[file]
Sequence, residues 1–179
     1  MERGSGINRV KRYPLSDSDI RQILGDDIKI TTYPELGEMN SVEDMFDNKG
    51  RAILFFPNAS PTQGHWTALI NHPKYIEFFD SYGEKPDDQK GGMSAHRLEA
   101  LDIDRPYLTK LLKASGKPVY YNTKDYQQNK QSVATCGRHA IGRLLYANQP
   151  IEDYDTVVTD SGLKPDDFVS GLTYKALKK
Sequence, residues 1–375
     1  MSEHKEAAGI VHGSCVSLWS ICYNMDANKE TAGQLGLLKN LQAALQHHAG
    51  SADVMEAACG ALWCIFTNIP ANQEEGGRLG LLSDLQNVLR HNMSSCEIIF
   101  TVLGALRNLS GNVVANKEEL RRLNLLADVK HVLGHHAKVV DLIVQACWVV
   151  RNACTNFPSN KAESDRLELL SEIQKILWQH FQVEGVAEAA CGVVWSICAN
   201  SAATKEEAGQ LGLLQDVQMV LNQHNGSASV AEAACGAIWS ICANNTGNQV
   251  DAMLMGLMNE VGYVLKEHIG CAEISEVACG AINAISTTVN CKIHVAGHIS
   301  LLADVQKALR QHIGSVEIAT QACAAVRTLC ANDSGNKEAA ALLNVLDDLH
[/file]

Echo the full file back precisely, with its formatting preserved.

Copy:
Sequence, residues 1–179
     1  MERGSGINRV KRYPLSDSDI RQILGDDIKI TTYPELGEMN SVEDMFDNKG
    51  RAILFFPNAS PTQGHWTALI NHPKYIEFFD SYGEKPDDQK GGMSAHRLEA
   101  LDIDRPYLTK LLKASGKPVY YNTKDYQQNK QSVATCGRHA IGRLLYANQP
   151  IEDYDTVVTD SGLKPDDFVS GLTYKALKK
Sequence, residues 1–375
     1  MSEHKEAAGI VHGSCVSLWS ICYNMDANKE TAGQLGLLKN LQAALQHHAG
    51  SADVMEAACG ALWCIFTNIP ANQEEGGRLG LLSDLQNVLR HNMSSCEIIF
   101  TVLGALRNLS GNVVANKEEL RRLNLLADVK HVLGHHAKVV DLIVQACWVV
   151  RNACTNFPSN KAESDRLELL SEIQKILWQH FQVEGVAEAA CGVVWSICAN
   201  SAATKEEAGQ LGLLQDVQMV LNQHNGSASV AEAACGAIWS ICANNTGNQV
   251  DAMLMGLMNE VGYVLKEHIG CAEISEVACG AINAISTTVN CKIHVAGHIS
   301  LLADVQKALR QHIGSVEIAT QACAAVRTLC ANDSGNKEAA ALLNVLDDLH